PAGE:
The Heron of Hope

My brother tells of a heron that is hunting squirrels around his barn. He sees the big bird in his mind’s eye as he describes this odd occurrence to me at a family gathering.

“JoDee, there’s a heron hanging around our barn. It’s this tall I tell you.” He motions with his hand.

I wonder whether he thinks this big bird is a sign; A messenger of hope sent from God to encourage them in their time of grief.

You see, pain swims in their home, due to the recent death of my sister-in-law’s father. Piranhas of the soul—grief and despair—lurk in the waters.

“Herons hunt fish,” my brother explains, “and also squirrels. I think this bird comes from a nearby marsh.”

A marsh in the upper desert? I think. I don’t want to doubt his reasoning but his story seems as odd as a visit from this tall bird in the country valley where my brother and sister-in-law live. In fact, the only water sources around are a couple of ponds. I remember seeing them as a kid. I don’t speak the obvious:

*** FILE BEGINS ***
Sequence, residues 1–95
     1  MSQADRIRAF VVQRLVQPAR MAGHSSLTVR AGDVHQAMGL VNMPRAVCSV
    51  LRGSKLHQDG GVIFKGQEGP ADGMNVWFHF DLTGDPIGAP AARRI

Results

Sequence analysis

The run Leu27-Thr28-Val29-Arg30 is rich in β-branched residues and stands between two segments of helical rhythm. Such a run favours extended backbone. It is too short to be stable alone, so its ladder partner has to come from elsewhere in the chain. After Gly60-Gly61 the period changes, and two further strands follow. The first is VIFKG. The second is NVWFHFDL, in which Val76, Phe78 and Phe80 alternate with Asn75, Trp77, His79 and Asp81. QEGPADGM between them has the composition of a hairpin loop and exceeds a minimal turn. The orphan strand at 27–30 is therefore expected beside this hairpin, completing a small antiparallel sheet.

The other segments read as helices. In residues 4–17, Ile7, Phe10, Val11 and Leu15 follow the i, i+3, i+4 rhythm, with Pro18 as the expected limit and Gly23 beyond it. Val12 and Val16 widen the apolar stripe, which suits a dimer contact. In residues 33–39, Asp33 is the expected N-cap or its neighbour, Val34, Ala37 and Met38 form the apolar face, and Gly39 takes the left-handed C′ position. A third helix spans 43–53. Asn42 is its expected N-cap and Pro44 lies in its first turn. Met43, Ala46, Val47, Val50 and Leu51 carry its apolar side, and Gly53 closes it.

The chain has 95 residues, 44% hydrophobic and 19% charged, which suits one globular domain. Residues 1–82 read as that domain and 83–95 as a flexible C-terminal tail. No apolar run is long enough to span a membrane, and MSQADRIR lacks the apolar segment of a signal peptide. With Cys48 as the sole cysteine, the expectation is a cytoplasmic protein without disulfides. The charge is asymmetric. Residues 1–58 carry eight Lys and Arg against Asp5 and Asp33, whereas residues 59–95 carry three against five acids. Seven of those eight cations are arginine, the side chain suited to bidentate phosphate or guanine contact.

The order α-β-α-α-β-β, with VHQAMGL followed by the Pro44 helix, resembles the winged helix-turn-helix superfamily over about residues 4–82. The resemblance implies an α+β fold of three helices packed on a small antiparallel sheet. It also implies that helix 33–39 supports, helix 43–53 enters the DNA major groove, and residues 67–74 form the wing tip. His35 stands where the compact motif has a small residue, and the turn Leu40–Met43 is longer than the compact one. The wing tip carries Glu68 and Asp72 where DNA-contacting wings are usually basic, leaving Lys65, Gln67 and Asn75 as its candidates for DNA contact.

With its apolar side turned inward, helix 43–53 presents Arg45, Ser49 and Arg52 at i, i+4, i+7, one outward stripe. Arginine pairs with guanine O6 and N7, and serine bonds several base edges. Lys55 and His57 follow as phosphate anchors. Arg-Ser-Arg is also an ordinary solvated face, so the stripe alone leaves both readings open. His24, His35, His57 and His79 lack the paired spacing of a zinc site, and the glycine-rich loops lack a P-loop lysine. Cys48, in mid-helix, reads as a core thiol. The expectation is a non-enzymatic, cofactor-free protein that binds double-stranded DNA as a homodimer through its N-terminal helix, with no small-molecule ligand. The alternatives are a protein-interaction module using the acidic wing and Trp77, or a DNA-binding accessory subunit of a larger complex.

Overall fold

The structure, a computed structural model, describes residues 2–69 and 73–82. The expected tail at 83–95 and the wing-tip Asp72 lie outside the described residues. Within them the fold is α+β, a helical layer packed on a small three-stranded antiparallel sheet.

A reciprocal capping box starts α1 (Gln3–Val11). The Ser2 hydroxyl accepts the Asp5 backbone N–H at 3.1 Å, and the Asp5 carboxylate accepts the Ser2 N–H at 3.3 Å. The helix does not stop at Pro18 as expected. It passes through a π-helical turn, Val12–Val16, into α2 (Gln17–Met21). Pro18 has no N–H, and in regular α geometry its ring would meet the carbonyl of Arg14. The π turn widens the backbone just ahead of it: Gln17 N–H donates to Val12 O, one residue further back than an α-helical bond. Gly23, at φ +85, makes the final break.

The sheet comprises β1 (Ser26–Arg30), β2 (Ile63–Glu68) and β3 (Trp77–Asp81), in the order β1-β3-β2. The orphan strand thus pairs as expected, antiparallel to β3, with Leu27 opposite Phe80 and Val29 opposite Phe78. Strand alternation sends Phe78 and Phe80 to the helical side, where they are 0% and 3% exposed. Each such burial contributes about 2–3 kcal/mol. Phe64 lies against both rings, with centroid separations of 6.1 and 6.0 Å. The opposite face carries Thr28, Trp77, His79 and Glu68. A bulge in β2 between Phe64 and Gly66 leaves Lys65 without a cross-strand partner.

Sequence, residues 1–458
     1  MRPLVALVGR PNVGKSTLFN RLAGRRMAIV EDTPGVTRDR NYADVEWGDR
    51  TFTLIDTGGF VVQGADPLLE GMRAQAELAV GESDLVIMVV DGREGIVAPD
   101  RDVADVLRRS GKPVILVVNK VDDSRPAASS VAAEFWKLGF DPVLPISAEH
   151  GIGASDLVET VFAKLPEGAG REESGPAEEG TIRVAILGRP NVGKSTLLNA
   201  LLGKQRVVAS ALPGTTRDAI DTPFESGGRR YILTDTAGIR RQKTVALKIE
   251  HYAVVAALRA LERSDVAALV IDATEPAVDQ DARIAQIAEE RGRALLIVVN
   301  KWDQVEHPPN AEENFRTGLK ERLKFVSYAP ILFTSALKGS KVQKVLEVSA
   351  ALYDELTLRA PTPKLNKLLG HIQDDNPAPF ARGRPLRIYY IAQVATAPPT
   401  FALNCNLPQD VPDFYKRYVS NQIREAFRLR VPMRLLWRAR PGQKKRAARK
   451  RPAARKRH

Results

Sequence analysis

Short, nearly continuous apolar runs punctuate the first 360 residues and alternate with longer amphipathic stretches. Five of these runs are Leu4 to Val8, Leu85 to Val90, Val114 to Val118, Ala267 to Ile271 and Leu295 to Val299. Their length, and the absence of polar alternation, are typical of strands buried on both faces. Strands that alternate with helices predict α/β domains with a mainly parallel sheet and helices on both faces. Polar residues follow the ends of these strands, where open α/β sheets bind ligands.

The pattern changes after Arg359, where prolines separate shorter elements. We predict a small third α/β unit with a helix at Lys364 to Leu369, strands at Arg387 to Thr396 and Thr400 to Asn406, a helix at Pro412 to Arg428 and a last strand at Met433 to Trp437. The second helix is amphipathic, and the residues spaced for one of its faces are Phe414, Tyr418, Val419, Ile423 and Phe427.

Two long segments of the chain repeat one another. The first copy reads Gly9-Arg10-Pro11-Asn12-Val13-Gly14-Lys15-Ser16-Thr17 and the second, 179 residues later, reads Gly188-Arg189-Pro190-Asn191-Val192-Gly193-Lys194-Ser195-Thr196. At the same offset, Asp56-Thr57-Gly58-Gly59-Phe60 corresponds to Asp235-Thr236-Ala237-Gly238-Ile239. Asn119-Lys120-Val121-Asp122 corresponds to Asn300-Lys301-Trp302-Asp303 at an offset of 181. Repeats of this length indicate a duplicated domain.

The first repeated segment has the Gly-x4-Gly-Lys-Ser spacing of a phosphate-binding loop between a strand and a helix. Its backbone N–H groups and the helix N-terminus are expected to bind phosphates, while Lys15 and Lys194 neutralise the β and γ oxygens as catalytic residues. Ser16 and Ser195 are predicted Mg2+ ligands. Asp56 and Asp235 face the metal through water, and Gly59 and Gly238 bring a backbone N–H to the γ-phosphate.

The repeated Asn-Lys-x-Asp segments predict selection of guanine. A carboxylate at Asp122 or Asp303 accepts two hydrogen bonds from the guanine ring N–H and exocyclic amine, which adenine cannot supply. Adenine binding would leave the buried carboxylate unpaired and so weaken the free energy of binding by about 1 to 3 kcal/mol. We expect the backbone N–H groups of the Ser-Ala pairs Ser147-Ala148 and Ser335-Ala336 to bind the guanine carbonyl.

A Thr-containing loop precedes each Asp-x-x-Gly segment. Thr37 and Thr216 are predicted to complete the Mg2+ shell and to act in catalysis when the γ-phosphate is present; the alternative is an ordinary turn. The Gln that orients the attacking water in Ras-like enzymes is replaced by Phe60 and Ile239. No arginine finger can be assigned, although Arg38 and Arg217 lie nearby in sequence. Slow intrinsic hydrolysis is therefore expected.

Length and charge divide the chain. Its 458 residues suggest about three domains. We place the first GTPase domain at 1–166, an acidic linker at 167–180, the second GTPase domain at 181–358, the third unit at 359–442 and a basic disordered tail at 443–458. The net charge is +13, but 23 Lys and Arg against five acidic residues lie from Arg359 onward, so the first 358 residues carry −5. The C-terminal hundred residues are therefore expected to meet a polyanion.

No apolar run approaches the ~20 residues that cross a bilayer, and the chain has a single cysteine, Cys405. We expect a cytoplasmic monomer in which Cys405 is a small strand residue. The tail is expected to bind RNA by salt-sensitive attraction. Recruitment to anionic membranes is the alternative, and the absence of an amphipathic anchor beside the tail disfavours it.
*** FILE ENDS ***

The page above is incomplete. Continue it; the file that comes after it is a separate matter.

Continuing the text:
Why is this bird hanging around your barn?

Yet I come home and look up herons online and find some interesting information. Herons are extremely protective of their nests and will attack intruders.

Herons are also known to have angry flair ups, which, interestingly, is Step 3 of the grief process. http://www.recover-from-grief.com/7-stages-of-grief.html

I go online to discover Christine Grote’s post; The Blue Heron pays a visit. Christine knows about processing grief. In fact, in her memoir, Dancing in Heaven, Christine shares her family’s story about her younger sister Annie:

Dancing in Heaven is an inspirational story about Annie s life, death, and her significance in the lives of those of us who loved her and others who were touched by her. This memoir provides a window into my family’ s life with a severely disabled member. But more importantly, Dancing in Heaven is a testimony to the basic intrinsic value of human life.”

Sometimes we need a heron to visit our lives, whether in person like the white one above that showed up in our backyard one day or in our imaginations. We need this messenger of hope to help us to cope with grief and despair.

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